How Marjorie Kinnan Rawlings found her groove

Marjorie Kinnan Rawlings, failed romance writer?

One of the most pleasant days of my recent week-long visit with my parents in Florida (I’m from the Tampa Bay area originally), was a visit to the old farm house and orange grove where Marjorie Kinnan Rawlings wrote her classics The Yearling, Cross Creek, and more.

According to the excellent guide who took us through the house, Rawling and her husband, both would-be novelists, had decided to ditch their dead-end newspaper jobs up north and try their hand at oranges and fiction.

Their timing was terrible. They had a mortgage, and shortly after their arrival the Great Depression hit and devalued their investment immediately (and apparently also killed the market for romance novels — which I find hard to believe from today’s perspective).

Our guide suggested that Mr. Rawlings couldn’t stand the competition with his more talented wife and cleared out, leaving her stranded on a farm in the middle of the Florida scrub.

Rawlings set out to learn how to survive from her neighbors, and wrote a short piece about them that got her noticed by an editor up north. He pushed her to do more in that direction, and the eventual result was The Yearling, which won the Pulitzer Prize in 1939.

When I was moved from Tampa’s Dunbar Sixth Grade Center to Clearwater’s Palmetto Elementary in the sixth grade, Mrs. Ellis was reading The Yearling aloud to my raptly attentive home room, which may be part of the reason I didn’t read it again until just last year.

When I finally took it up on my own I initially found it a bit stylistically flat, with a repetitive rhythm of simple declarative sentences — ideal for a children’s book, perhaps — but then I quickly got wrapped up in the tale of a small, emotionally fraught family trying to survive by their wits in the middle of the Florida wilderness. As a gardener and a cook, I was particularly fascinated by their plantings and preservation techniques (from today’s perspective it’s hard to believe they survived eating meat potted in fat and stored under the house without refrigeration).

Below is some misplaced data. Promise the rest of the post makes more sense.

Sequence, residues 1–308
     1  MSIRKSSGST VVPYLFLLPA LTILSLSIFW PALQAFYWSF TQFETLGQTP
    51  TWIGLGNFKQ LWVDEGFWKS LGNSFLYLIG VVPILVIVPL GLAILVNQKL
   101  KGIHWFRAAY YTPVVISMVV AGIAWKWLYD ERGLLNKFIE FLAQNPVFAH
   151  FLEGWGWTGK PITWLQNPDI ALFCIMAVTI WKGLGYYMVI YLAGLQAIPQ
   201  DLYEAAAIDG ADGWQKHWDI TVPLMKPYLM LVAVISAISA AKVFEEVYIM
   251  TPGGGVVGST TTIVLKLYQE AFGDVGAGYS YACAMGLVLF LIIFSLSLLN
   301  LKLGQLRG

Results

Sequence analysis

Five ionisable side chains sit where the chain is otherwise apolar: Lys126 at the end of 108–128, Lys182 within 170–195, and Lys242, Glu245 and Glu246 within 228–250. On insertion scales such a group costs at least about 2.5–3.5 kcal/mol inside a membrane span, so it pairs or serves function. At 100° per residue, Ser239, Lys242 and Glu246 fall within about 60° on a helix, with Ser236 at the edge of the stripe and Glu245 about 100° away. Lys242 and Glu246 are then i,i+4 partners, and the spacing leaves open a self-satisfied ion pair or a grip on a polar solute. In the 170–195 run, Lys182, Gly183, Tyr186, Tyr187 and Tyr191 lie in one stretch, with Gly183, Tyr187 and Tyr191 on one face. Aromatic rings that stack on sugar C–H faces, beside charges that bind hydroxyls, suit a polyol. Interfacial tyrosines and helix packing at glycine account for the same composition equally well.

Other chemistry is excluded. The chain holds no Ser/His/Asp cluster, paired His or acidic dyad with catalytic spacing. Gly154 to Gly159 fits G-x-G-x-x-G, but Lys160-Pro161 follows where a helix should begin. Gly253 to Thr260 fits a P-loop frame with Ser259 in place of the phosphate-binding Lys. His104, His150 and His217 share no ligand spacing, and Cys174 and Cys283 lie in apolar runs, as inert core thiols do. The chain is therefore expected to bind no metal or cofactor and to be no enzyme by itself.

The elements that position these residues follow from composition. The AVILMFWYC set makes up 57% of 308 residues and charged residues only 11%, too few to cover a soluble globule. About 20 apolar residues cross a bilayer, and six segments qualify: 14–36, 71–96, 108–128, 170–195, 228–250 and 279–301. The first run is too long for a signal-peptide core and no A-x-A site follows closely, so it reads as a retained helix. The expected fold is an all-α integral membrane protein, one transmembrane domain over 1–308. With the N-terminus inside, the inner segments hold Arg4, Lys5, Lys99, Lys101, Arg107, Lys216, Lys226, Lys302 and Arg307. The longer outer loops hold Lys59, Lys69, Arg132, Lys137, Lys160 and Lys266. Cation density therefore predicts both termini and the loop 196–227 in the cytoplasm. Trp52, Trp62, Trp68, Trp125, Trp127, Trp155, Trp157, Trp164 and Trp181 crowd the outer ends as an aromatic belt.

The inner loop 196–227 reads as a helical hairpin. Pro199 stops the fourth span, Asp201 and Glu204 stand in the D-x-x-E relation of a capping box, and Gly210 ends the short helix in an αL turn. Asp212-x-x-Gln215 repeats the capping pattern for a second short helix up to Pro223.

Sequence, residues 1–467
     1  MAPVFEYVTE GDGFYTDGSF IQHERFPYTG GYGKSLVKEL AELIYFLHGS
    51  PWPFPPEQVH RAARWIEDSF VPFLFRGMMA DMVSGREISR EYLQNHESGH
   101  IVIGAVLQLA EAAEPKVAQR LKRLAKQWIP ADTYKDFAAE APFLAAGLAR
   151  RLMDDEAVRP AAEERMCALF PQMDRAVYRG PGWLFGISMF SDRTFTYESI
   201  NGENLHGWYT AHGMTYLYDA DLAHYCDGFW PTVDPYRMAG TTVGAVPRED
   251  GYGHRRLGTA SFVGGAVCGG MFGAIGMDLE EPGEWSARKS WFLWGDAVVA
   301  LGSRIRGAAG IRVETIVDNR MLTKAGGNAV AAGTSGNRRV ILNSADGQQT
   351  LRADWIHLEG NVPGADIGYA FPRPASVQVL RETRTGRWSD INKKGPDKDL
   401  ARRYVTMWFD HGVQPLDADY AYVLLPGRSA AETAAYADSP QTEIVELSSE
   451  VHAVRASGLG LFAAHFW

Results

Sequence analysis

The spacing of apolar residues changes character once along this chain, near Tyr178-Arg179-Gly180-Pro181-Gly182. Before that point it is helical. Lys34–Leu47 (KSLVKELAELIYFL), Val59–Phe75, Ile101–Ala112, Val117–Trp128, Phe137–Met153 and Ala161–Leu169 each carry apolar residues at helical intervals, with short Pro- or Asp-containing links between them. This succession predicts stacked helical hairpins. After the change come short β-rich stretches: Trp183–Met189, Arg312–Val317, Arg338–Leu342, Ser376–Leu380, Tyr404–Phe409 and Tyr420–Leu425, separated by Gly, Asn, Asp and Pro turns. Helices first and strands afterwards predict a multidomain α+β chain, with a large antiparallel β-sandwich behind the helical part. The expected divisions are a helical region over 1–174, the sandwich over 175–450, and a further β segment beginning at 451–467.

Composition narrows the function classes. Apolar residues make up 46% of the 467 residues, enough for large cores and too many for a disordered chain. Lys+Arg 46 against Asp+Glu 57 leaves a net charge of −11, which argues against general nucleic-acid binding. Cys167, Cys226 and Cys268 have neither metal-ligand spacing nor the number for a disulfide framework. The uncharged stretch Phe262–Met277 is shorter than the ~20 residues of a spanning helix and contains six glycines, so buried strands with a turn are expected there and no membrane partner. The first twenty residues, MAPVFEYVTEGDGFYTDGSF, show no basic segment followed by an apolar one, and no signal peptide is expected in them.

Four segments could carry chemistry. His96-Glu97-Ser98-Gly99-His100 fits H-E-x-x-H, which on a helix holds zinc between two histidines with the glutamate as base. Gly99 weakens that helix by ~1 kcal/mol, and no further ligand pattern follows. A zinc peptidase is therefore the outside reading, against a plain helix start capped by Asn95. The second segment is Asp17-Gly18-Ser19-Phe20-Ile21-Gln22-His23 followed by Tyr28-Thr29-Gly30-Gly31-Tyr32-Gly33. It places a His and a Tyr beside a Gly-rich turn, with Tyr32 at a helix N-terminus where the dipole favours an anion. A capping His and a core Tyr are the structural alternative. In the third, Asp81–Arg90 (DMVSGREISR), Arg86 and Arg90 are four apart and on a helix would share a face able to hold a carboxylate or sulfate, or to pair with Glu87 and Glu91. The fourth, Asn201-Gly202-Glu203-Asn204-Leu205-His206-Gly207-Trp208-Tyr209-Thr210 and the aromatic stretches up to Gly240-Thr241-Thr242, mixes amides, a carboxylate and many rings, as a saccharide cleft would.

I can understand how Rawlings and Zora Neale Hurston became friends despite the formidable racial barriers of that era, because they clearly shared a similar interest in anthropology and a similar appetite for adventure. (Their Eyes Were Watching God is another novel of Florida that captures a way of life that has since disappeared.)

Both Rawlings and Hurston brought keen outsider’s eyes to their subject, which makes me wonder how often writers are born from — or at least shaped by — that essential injury of being transplanted to a strange new world.

This is certainly the case with me — so far I have always written about the Northeast, after having been moved there (kicking and screaming) at the age of sixteen. I suppose if I ever move back, I might be able to bring the same observer’s eye to my home state, but I am not in any hurry to do so. (Sorry, Mom and Dad.)

Anyway, it was interesting to see how a change of venue — and an open mind towards her new environs — led to astonishing success for Rawlings, especially when The Yearling was made into a popular movie. (Whoever designed that movie poster had clearly never been to Florida, which has no mountains.)

It was also interesting to hear that Rawlings’ pronounced her maiden name KinAWN. That was news to me.

We had to leave our tour without exploring the grounds because we were meeting friends of my parents at the nearby The Yearling Restaurant. It was a fitting end to the adventure, for we shared fried gator, frog legs, and green tomatoes as an appetizer, while Willie Green played blues in the background.

(For the record: Yes, gator tastes like chicken — chicken with the texture of lawn chair mesh. Frog legs also taste like chicken, but the texture is much better. Seems like quite a waste of frog, though.)

If you can’t make it there yourself, I hope you’ll enjoy this tour of the house:

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